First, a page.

How does the weather affect land surveying and construction timelines?

There are a lot of factors that play key roles in bringing construction projects from the development phase to a ribbon-cutting ceremony.

Survey completion, site design, and plan preparation, local and state permitting, and of course, construction season all present various challenges.

Weather is one variable that not only affects land surveying, but also construction schedules.


Regional Weather Effects

Climates that are relatively warm and sunny lend themselves quite nicely to year-round surveying and construction with minimal weather impacts. Sure, you’ll get the occasional rainstorm that forces surveyors inside for the day. Rain also prevents road paving and other sitework activities (if the rain is hard enough). But those delays are temporary. 

Winter weather, and all that goes with it, can really inhibit surveying and construction in areas that have varying seasons. Here are some of the ways winter weather wreaks havoc on land surveying and construction.



Surveying can be time-consuming enough depending on the size of the parcel and the level of detail required for site design. Now add two feet of snow. Everything just got harder.  

  • Searching for existing lot monumentation.  

  • Accurately depicting contours whether the land is developed or undeveloped.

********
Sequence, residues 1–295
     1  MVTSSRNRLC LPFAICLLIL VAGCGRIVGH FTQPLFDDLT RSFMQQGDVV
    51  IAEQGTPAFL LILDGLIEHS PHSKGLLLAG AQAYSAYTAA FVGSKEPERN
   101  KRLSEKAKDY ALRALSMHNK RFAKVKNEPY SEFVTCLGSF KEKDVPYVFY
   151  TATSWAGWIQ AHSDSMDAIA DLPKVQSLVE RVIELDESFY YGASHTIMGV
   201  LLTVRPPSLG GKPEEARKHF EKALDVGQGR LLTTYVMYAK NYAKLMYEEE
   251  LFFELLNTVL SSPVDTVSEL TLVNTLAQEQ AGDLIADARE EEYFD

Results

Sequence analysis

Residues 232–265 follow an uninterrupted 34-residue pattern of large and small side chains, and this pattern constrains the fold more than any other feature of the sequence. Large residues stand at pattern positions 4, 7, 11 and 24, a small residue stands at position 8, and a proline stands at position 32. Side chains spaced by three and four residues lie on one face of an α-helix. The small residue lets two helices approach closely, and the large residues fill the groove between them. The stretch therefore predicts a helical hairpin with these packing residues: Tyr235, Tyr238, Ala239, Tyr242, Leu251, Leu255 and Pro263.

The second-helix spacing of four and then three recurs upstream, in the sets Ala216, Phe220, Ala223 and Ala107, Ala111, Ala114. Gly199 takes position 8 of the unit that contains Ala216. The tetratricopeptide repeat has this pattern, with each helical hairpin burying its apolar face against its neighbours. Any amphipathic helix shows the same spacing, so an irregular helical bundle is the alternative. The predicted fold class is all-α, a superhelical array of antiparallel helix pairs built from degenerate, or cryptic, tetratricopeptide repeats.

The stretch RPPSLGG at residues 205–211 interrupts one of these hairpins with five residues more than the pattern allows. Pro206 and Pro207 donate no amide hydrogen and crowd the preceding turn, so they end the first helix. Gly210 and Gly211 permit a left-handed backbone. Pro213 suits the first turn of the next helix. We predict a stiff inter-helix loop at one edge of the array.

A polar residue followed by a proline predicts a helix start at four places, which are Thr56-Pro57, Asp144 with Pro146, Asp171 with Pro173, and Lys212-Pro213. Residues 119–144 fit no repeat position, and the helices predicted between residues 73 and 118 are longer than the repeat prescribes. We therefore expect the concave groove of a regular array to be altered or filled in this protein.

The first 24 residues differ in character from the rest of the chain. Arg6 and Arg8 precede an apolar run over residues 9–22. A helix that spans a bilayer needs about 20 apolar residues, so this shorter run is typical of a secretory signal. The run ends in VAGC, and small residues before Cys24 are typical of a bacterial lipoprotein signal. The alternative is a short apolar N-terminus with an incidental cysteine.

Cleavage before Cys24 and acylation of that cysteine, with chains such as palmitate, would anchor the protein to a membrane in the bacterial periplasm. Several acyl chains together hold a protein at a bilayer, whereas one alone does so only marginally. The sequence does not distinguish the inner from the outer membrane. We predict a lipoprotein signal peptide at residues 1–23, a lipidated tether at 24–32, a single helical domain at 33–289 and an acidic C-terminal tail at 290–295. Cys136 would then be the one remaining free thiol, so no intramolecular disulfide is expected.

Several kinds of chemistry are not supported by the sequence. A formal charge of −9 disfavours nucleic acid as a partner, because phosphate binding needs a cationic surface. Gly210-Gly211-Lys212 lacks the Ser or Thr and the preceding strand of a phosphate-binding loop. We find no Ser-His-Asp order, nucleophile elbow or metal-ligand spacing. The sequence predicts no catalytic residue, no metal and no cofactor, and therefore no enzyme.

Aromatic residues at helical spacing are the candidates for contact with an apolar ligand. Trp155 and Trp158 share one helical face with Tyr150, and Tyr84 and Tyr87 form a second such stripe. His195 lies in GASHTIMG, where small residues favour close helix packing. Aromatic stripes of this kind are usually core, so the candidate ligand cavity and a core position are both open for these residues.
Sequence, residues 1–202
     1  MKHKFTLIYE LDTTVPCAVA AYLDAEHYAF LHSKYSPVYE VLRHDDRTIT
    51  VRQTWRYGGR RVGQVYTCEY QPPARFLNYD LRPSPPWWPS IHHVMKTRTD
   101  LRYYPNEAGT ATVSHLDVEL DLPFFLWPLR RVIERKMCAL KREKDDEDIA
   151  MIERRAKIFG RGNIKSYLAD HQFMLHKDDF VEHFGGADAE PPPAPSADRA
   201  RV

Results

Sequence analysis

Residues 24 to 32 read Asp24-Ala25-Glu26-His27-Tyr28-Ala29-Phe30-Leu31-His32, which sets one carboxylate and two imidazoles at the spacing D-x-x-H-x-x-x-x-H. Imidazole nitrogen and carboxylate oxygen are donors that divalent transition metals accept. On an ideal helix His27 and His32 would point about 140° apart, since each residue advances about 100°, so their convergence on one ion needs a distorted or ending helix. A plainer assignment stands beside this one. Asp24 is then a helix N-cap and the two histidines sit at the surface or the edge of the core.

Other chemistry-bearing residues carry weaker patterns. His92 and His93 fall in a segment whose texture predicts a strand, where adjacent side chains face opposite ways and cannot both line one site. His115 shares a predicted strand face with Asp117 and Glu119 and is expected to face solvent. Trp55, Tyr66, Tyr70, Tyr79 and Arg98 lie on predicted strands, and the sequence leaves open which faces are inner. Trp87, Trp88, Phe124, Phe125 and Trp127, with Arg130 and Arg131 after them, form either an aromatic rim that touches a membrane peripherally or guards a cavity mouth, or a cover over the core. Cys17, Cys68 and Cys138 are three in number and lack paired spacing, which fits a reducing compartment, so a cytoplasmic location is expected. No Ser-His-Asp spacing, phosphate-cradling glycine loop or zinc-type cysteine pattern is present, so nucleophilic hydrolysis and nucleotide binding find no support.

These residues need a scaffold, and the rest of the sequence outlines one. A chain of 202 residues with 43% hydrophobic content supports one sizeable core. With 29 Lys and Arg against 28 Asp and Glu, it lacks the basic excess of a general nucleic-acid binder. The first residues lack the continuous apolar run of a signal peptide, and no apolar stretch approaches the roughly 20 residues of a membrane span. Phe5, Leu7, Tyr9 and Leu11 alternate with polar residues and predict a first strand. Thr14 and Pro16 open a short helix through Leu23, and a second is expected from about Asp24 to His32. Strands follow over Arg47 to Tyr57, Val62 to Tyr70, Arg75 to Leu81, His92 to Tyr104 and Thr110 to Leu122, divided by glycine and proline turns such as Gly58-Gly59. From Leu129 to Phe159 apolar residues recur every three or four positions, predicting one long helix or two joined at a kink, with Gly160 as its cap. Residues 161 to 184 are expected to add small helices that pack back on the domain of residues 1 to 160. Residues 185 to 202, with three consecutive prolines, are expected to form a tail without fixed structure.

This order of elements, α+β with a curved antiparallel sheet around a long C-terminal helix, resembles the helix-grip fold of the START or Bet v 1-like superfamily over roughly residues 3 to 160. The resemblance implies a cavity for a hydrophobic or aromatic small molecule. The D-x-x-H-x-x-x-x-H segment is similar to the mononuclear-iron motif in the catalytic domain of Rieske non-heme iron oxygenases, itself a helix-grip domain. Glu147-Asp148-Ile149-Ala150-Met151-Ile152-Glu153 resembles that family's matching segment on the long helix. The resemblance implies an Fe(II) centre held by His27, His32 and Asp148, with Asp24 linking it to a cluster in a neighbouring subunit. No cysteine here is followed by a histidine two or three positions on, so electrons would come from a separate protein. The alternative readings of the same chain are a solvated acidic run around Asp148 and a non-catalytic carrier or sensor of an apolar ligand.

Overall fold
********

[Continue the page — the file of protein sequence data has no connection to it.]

• Finding signs of existing utilities: gas gates, water gates, manholes.

  • Locating existing edges of pavement.

Snow affects construction differently. Site contractors aren’t performing earthwork activities, pouring foundations, or paving parking lots during the height of winter.  

Instead, they’ll typically only deal with snow conditions in March, late November, and possibly early December. If the weather is mild enough, site contractors can work into December. They might wind up plowing their sites before resuming work. 

Overall, once the ground freezes and snow accumulates for good, site work shuts down for the season.



With snow, sometimes comes ice. Ice doesn’t pile up the way snow does. But a coating of ice presents different problems for surveying. 

Solid, thick ice that doesn’t break easily makes it challenging to get accurate ground elevation shots. You’ll also have difficulty in locating surface limits such as parking lot edges of pavement, edges of walkways and sidewalks, and roadways. Field surveyors will have to spend time breaking ice simply to reach the limits of their survey. That is extra time, and extra dollars spent on a job. A budget buster for sure! 

Ice can present similar challenges as snow does for construction. But there’s a good chance that construction has shut down for the season by the time there’s a storm with ice potential. 


Seasons of Surveying and Construction 

Land surveying and construction are year-round activities regardless of the challenges brought about by winter. But each is a little different depending on the season.



Surveyors don’t mind working in the Spring. In fact, it’s a relief to transition from a challenging winter to better ground conditions that make searching for monuments, setting monuments, and locating structures easier. Though, a wet, rainy Spring can bring about some washout days. 

Spring construction is mostly about excavation. Contractors spend all winter lining up jobs and scheduling their season. As soon as the ground thaws, they’re digging.